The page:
Tough stuff is available everywhere.
I remember way, way back in the 1980’s, I lived in the Atlanta, Georgia area. And, just in case you didn’t know this, they have a famous 10k run every year. It’s called the Peachtree Road Race. And it goes through sections of Atlanta that include some fairly good-sized hills. So, it’s a good challenge. And I decided to take it on.
And so, I went out and bought my expensive, fancy schmancy running gear. Oh wait. No, I didn’t. I just put on my basic blue sweatshirt and sweat pants, pulled a pair of running shorts over them, slipped on my basic sneakers, and took off from my apartment to go run the neighborhood.
It was January. And I started training then because the 10k run would be around the 4th of July. So, I knew I’d need months to prepare. So, like I said, I left my apartment for the first run.
There was a small school nearby, with a running track. And I figured going around in circles for a while would be a better start than trying to tackle the hills right away. So, I headed over there. And the track was covered with about three inches of snow, the kind that gets a slightly crunchy shell on top. But I started running in crunchy circles, and after about three laps, I had a smoother surface.
After about two weeks of running on the track, I decided I needed a change of scenery.
So, I took off for a run through the extended neighborhood. And it was going well enough until I turned one corner and faced “the monster.”
“The Monster” was a steep neighborhood hill that was close to the beginning of my run. In other words, before I even got warmed up there it was. And the first time up it was slow. Like S. L. O. W. slow. But I struggled through and made it to the top. Then, a large section of the run was either level or somewhat downhill.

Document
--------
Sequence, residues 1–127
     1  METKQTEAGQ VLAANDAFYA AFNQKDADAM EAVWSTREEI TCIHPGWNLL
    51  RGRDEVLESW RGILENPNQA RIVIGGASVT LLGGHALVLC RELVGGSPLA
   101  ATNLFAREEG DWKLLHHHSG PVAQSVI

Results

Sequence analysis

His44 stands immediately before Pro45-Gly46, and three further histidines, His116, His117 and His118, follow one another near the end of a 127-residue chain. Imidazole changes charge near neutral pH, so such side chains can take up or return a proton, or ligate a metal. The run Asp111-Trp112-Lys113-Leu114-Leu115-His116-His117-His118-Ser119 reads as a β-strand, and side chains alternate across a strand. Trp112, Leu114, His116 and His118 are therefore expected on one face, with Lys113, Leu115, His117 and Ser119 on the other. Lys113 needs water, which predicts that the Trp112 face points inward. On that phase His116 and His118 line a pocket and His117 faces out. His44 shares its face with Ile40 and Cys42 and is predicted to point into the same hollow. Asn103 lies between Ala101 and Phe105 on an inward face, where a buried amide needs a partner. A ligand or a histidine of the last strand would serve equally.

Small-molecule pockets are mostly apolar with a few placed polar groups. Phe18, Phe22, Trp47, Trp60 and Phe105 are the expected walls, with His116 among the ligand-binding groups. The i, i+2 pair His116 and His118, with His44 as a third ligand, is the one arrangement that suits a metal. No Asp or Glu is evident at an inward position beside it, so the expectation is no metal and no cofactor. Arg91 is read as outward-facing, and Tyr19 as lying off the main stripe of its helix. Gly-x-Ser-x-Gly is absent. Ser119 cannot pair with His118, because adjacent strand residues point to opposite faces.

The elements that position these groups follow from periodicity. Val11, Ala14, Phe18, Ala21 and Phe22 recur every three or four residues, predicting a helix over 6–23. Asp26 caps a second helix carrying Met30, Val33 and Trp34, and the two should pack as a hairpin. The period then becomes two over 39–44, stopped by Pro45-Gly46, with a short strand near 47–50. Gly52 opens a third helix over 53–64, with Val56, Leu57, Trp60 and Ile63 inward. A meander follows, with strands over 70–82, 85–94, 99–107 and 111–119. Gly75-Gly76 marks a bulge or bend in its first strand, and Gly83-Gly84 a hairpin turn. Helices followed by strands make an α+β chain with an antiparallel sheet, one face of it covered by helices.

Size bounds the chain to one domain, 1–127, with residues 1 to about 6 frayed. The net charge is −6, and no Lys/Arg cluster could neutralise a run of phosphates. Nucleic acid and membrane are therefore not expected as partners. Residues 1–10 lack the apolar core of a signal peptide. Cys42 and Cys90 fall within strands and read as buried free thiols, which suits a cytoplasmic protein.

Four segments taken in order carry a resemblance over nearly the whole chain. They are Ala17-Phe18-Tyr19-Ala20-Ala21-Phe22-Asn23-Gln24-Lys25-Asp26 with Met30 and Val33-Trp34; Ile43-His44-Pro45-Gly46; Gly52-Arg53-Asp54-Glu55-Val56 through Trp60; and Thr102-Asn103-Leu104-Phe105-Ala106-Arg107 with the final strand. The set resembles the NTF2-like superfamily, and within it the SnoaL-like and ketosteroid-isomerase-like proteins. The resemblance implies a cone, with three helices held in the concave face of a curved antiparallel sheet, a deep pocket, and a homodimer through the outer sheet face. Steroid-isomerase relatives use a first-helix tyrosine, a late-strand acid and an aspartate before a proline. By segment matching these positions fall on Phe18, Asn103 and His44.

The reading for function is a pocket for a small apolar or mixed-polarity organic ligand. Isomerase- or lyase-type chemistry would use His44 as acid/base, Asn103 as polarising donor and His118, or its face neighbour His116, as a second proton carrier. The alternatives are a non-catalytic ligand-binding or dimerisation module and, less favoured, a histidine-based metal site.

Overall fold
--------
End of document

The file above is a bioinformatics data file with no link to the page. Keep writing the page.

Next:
And I didn’t like that setup.
But after days, then weeks, of tackling that hill I noticed something mighty cool. I wasn’t struggling to barely make it up the monster. In fact, I conquered the monster with a bounce in my steps. Take that, monster!
Then, I noticed something else. Without much of a conscious decision I started running further (or was it farther?) And each week I’d add to my mileage. Because that 10k (aka 6.213712 miles) was the goal. I didn’t want to just “make it through” the Peachtree Road Race. I wanted to run it, finish with a smile, get my accomplishment t-shirt, and have plenty of fuel left for anything else I wanted to do that day.
So, I trained. And I ran every day. Even when it rained or snowed (which was only a couple of times in Atlanta) or started getting hot and humid. And I added the miles until it was no big deal to run 6 miles. Or even more.
And I got to that point some people call the “runner’s high” or the “second wind.” That was awesome. I could run till I got my second wind, and then it felt like I could run for however long I wanted. And it felt grrrreat!
And I owed it all to “The Monster.”
Because the tough stuff made me tough enough to reach and surpass my goals.
So, I think that’s a little example of why Paul told the Philippians (and you and me) to keep pressing on toward the goal for the prize. But he wasn’t talking about some dumb t-shirt. He said the prize is the “upward call of God in Christ Jesus.” And that ain’t 10k. That’s solid gold.
Reach out through the tough stuff.
Press on through the pouring rain.
And you’ll find enough stuff
To turn your loss into gain.
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